• HD-1 in UDCP-1 is now replaced with HD-Clone, resulting in two usable copies (one on UDCP-1 with HD-Clone, and a second on UDCP-2 with HD-2).
• Further unauthorized copies may be made similarly by making multiple clone disks

Examples of techniques used to prevent a disk cloning attacks include:
• Device maintains a database of stored content and associated usage rules, in the example above, even if a clone is made, this database would prevent the unauthorized copy being used
• The content is not stored in entirety on one disk, content is stored scattered on two or more disks, thus a clone of one disk alone is not sufficient
• Stored content is frequently time-stamped, and any content that has a time stamp older than the most recent time stamp is not permitted to be used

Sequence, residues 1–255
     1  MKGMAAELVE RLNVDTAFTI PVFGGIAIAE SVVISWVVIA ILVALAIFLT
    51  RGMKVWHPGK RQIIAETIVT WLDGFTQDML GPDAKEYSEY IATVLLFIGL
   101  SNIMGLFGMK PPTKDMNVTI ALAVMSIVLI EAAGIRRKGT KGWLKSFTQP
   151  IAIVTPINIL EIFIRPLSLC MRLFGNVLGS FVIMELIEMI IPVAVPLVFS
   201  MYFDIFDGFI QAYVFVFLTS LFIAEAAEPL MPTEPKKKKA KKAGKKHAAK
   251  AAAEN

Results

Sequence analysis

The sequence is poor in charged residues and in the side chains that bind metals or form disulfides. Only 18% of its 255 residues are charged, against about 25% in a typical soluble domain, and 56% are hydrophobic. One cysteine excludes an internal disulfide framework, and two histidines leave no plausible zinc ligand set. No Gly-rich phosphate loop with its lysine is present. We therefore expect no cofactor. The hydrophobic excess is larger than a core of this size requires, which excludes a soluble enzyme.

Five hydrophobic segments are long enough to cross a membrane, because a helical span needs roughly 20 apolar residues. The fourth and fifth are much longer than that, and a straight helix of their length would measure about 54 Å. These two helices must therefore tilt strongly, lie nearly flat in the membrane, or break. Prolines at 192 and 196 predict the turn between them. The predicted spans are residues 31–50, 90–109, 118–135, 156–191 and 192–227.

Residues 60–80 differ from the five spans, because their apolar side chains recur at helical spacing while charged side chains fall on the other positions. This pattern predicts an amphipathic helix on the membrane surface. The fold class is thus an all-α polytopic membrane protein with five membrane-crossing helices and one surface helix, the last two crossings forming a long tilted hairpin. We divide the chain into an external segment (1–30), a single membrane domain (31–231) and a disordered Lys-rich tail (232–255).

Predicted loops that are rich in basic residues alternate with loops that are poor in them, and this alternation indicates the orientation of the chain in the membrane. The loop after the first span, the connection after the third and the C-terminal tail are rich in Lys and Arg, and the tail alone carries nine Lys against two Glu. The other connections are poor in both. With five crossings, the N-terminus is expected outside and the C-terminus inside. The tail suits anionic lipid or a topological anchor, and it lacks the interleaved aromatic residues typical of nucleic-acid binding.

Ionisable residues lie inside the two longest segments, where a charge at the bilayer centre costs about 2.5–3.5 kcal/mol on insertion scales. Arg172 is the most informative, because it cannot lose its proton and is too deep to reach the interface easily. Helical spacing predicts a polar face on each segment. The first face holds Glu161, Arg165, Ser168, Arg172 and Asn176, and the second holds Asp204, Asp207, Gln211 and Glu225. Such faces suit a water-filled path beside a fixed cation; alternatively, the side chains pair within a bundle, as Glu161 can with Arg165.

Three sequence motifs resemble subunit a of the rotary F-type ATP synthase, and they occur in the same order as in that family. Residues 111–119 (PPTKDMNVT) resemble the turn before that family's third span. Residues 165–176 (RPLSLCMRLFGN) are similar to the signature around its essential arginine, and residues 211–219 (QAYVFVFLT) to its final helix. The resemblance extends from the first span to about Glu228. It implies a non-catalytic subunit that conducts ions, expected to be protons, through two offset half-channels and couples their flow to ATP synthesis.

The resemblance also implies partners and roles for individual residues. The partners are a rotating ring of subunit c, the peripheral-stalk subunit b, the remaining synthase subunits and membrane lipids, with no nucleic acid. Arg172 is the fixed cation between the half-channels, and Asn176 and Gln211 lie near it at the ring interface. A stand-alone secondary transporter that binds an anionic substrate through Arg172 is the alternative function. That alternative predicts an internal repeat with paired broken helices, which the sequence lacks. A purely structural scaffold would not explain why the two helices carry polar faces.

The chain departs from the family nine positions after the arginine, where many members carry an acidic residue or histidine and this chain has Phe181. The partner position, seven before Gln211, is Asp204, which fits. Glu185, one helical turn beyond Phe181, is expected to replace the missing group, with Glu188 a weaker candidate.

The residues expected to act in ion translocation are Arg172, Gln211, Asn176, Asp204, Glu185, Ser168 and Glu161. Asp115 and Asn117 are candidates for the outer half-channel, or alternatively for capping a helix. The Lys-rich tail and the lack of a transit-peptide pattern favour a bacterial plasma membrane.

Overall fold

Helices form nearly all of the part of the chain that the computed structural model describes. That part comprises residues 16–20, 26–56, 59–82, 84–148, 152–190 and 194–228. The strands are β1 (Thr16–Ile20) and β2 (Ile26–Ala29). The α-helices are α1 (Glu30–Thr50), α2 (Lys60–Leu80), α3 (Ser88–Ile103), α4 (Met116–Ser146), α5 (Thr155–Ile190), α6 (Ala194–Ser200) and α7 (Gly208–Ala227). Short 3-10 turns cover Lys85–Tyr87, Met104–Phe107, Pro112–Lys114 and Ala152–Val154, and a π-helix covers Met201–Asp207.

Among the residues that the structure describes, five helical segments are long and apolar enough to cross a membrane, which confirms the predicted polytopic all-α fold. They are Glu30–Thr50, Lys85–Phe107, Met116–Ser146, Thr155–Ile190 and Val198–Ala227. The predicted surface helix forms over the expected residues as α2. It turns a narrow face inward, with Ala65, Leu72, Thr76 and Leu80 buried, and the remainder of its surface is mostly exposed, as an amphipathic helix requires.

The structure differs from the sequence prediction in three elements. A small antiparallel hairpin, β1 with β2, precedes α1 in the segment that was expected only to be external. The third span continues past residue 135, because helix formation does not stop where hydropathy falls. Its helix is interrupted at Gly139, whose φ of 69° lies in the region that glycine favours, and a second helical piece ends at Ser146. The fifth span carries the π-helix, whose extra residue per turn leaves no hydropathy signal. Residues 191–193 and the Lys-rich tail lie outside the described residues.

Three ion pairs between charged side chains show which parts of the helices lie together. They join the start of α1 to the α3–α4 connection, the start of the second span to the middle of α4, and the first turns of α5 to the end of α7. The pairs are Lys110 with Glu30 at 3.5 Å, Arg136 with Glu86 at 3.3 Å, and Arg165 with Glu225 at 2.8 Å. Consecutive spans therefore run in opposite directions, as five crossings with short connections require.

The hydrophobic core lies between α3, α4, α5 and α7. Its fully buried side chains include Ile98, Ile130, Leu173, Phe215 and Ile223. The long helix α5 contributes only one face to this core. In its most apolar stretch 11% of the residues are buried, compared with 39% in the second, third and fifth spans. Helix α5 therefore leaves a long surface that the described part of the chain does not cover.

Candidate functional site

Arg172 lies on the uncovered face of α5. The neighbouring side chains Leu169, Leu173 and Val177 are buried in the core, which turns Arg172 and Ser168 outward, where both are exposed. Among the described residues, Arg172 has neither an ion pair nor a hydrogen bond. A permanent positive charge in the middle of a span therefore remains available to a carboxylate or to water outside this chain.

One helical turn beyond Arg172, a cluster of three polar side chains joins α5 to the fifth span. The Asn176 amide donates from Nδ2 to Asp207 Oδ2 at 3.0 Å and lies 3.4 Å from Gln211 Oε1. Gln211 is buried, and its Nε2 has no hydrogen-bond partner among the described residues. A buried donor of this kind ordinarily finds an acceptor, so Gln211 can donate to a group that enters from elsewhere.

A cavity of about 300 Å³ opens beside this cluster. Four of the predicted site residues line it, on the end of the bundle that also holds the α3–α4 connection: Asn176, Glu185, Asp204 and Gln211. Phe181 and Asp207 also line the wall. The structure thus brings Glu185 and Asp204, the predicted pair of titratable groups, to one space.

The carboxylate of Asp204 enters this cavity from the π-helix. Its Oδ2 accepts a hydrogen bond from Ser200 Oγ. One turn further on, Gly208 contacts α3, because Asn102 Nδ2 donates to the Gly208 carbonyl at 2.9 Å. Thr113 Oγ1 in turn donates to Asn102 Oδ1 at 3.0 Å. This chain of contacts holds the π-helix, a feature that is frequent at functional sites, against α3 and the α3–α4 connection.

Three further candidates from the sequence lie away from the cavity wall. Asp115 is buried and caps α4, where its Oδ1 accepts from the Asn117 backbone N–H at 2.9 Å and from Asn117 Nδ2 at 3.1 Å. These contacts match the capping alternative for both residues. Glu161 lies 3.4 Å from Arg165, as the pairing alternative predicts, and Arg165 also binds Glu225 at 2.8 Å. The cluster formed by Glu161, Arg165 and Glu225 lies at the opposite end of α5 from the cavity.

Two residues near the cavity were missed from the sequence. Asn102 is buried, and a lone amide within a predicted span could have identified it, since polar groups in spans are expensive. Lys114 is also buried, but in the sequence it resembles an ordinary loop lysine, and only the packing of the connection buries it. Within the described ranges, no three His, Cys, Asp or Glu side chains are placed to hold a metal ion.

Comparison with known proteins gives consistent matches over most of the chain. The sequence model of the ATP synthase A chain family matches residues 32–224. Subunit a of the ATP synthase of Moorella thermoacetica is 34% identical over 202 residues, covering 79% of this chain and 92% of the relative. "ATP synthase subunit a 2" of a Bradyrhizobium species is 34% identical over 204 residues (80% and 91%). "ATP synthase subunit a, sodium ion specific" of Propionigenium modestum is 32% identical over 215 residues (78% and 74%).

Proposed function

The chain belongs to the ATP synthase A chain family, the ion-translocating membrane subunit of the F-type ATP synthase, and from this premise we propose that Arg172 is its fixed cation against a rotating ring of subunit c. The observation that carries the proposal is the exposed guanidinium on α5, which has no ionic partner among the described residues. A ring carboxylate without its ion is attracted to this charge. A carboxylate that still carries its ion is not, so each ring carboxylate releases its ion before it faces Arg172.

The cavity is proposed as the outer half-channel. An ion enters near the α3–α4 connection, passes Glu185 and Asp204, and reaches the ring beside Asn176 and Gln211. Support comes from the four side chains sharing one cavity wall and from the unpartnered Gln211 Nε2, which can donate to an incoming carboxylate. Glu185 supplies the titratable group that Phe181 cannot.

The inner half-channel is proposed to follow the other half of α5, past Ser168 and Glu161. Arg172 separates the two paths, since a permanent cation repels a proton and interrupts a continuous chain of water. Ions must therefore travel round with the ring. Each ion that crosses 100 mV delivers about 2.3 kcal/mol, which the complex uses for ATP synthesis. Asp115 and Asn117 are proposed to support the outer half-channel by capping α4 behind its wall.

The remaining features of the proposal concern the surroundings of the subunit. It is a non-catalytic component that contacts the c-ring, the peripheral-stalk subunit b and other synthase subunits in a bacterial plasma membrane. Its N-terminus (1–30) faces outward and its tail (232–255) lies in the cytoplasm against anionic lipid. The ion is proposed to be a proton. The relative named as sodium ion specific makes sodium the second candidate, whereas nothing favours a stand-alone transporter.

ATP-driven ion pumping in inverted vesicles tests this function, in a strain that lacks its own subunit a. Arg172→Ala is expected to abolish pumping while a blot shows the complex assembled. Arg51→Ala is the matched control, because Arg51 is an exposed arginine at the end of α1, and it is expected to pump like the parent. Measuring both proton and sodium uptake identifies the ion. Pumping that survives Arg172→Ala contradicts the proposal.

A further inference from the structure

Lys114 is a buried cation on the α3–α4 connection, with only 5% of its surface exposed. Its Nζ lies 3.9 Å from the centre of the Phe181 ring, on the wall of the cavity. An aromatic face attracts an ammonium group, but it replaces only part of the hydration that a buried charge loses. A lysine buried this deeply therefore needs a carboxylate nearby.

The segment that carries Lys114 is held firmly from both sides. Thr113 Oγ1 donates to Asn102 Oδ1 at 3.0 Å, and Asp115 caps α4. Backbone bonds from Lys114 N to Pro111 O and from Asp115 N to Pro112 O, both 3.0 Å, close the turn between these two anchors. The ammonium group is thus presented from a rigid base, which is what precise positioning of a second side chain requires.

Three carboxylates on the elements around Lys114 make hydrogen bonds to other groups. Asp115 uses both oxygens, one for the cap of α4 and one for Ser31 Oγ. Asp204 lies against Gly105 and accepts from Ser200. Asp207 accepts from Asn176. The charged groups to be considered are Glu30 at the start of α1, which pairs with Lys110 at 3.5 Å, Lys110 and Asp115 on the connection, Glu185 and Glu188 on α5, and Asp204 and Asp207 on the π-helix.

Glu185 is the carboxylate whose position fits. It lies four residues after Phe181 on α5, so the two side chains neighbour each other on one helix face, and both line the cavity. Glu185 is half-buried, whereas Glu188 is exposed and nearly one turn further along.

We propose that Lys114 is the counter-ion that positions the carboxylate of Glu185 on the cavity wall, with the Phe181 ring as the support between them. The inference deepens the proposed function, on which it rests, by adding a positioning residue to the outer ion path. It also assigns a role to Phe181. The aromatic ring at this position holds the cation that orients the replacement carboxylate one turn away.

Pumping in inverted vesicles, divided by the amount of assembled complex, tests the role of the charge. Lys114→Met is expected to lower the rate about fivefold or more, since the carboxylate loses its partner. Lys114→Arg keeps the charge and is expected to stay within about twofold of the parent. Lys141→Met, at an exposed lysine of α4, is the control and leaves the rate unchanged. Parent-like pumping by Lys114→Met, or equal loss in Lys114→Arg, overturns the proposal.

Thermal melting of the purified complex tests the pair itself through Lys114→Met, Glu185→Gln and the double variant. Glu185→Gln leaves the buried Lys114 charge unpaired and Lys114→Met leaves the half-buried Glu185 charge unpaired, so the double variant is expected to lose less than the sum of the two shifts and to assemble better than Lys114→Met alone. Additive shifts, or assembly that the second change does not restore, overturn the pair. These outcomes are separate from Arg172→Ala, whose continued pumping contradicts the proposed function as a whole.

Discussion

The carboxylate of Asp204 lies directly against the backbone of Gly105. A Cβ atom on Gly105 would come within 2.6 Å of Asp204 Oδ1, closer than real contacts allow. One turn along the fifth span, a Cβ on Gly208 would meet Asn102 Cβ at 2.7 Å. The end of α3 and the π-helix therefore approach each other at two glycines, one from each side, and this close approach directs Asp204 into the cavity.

Tivo certainly should be able to enable eSATA within those guidelines. Some kludginess required but ... seems doable.

Also interesting, they've approved a new DRM (Motorola IP Rights Management - IPRM) which I hadn't heard of before.

Last edited by dt_dc : 05-02-2007 at 11:57 AM.
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Old 05-02-2007, 12:01 PM   #15
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Quote:
Originally Posted by dt_dc
BTW, CableLabs has recently (4/20/07) released a revision of the DFAST licensing agreement that would allow Tivo (or anyone else) to support an eSATA drive (or Firewire, or USB, or heck ... even potentially IP to a network storage device) without any explicit CableLabs approval / verification / certification / whatever.Tivo certainly should be able to enable eSATA within those guidelines. Some kludginess required but ... seems doable.
Very interesting, thanks! Yes, I agree that this should enable TiVo to give us eSATA, and without changing their algorithm much. There's light at the end of the tunnel!
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Old 05-02-2007, 12:02 PM   #16